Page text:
US Formaldehyde Regulations

August 2, 2018

In the July edition of Bark Bits, we reported on US legislation which requires imported composite wood products to meet standards with regards to formaldehyde emissions.  Prior to printing, members had been reporting issues at US border points with products made wholly or in part from plywood and OSB.  While researching this legislation, we were informed that when exporting composite wood products to the US that shippers must provide a declaration which identifies that the composite wood products meet the US standard. 

However, after printing, we have been informed that this may not be the case, and that there may have been some misunderstanding at US border entry points.

We reached out to Kurt Bigbee at the APA-The Engineered Wood Association for clarification.  After discussion, Mr. Bigbee provided the following information (highlights for emphasis ours):

5. Exemptions. a. Statutory exemptions. TSCA section 601(c) exempts a number of products from the formaldehyde emission standards for composite wood products. These exemptions include, but are not limited to: Hardboard, structural plywood, structural panels, oriented strandboard, glued laminated lumber, prefabricated wood I-joists, finger-jointed lumber, wood packaging, composite wood products used inside new vehicles other than recreational vehicles, windows that contain less than five percent by volume of composite wood products, exterior doors and garage doors that contain less than three percent by volume of composite wood products, and exterior and garage doors that are made with NAF-based or ULEF resins. EPA is incorporating these exemptions into the implementing regulations. Composite wood products, component parts, and finished goods that qualify for these exemptions are exempt from all of the provisions of the implementing regulations. However, component parts and finished goods made of a mixture of exempt products and regulated products are not exempt. For example, a cabinet made up of structural plywood and hardwood plywood would be subject to the labeling and recordkeeping requirements of this final rule. The hardwood plywood in the cabinet would also be subject to the emission standard for hardwood plywood as well as the testing and certification provisions of this rule.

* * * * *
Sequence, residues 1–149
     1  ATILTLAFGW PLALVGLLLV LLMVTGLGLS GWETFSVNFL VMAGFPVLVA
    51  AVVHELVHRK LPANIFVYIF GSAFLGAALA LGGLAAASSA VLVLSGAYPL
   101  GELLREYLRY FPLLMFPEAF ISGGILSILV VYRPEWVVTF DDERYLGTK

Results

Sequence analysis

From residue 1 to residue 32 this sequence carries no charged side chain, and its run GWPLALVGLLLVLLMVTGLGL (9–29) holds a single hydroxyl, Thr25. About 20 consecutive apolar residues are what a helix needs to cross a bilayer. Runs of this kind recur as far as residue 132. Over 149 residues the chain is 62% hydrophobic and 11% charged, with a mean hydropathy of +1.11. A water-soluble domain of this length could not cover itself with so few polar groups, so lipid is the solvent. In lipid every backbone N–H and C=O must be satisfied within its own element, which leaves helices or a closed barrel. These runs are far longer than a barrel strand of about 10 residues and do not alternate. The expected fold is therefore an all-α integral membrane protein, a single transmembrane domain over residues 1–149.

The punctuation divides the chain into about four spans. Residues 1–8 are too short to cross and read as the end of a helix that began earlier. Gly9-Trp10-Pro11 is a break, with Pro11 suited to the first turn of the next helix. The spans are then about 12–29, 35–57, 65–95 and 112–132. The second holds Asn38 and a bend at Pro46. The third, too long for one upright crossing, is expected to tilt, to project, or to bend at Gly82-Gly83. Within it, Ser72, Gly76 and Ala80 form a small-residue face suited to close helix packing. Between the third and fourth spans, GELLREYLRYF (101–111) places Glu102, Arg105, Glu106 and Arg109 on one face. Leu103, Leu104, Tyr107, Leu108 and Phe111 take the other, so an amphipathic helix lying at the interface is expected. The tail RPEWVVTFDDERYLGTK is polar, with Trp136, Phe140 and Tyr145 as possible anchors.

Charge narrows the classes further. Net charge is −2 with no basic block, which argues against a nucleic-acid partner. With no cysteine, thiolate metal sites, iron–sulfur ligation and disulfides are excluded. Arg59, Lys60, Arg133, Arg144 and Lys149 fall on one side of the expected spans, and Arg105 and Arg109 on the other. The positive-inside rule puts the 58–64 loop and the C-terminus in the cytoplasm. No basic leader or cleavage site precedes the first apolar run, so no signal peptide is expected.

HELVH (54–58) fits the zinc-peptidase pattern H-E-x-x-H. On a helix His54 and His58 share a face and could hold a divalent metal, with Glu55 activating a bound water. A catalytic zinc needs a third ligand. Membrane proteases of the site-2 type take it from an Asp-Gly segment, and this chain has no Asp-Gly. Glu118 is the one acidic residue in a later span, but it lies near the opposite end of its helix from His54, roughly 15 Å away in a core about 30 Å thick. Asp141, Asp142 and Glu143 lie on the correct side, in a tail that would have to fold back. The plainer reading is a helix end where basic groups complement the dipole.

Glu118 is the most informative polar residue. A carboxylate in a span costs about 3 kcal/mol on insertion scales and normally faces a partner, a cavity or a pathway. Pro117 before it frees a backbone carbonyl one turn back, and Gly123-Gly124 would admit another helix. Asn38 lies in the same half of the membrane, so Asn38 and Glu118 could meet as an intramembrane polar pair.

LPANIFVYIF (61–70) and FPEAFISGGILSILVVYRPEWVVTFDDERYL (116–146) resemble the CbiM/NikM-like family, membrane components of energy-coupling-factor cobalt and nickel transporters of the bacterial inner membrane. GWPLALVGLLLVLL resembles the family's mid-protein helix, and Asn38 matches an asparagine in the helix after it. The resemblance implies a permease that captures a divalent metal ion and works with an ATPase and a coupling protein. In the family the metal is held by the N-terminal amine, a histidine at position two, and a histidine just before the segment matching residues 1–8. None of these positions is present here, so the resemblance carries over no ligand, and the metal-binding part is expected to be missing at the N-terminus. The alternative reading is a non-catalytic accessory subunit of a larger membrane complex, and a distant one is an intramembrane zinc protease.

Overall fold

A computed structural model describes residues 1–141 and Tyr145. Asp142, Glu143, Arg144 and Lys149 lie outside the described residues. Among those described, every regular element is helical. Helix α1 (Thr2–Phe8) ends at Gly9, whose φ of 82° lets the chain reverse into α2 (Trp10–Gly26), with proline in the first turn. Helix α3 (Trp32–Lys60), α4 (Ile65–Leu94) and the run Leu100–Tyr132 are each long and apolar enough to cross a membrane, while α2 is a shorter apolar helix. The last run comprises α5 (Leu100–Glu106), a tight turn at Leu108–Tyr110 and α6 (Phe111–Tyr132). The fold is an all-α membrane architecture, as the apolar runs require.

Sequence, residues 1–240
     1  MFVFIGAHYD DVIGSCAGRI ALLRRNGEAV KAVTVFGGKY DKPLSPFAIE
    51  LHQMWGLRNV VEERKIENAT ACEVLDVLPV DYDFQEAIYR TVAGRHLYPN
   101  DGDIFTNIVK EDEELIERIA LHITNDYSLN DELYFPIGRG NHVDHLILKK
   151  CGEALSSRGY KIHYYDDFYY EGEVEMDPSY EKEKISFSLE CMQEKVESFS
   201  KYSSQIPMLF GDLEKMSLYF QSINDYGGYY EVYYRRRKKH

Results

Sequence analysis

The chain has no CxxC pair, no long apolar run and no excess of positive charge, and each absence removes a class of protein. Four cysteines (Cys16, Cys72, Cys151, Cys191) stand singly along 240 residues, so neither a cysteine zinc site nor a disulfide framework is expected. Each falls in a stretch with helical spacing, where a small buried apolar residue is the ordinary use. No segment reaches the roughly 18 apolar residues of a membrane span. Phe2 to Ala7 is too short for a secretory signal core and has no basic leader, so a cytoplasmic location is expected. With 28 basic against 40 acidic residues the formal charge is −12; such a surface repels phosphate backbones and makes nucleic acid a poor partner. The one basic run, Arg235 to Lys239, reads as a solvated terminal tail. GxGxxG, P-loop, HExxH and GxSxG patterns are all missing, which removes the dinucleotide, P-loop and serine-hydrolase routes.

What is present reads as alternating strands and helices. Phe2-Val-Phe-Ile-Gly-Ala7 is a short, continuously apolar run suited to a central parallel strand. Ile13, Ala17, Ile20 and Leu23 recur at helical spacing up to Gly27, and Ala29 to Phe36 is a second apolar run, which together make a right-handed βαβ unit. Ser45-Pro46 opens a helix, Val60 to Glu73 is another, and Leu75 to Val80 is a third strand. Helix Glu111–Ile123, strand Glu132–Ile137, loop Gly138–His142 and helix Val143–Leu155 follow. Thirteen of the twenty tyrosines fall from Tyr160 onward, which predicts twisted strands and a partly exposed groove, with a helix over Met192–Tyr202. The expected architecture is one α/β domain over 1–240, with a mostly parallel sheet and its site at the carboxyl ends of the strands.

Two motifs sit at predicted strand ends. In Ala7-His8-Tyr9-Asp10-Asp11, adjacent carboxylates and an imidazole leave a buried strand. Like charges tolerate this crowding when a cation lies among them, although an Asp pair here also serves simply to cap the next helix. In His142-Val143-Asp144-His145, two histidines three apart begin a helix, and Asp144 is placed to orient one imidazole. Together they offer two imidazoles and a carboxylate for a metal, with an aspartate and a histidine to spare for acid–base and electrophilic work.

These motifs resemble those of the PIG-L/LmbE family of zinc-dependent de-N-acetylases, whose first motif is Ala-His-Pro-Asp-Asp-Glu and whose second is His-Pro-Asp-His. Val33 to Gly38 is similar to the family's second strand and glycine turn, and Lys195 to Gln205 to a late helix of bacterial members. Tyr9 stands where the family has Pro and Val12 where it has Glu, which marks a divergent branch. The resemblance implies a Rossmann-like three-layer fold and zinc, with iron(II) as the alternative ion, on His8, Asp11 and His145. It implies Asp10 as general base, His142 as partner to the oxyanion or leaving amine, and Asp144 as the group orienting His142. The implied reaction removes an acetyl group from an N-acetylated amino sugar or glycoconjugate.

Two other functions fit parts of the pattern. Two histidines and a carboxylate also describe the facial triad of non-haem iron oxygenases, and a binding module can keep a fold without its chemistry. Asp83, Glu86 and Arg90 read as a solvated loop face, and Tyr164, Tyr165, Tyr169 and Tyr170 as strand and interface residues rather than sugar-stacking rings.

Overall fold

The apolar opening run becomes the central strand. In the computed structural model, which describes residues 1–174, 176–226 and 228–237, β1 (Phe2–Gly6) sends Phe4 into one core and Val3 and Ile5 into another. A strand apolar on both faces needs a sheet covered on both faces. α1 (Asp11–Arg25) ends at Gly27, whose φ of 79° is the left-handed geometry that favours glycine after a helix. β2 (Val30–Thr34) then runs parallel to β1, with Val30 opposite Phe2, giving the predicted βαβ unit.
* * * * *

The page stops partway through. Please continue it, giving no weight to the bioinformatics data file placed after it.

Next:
The Toxic Substances Control Act hotline was also contacted, and confirmed the information above and cited section 770.1 of the Formaldehyde Emission Standards for Composite Wood Products document.  

If you are engaged in shipping composite wood products, or wood packaging with composite wood product components, it is advisable that you should familiarize yourselves with the rules, and the exemptions.  Mr. Bigbee did also note however that as most products manufactured in North America meet the standards, it may be wise to confirm product conformance with the manufacturer or vendor, and identify this on your shipping documents.

We would ask that any members encountering difficulty at US border entry points with composite wood products contact the CWPCA office with details so we may address with the proper authorities as may be necessary.

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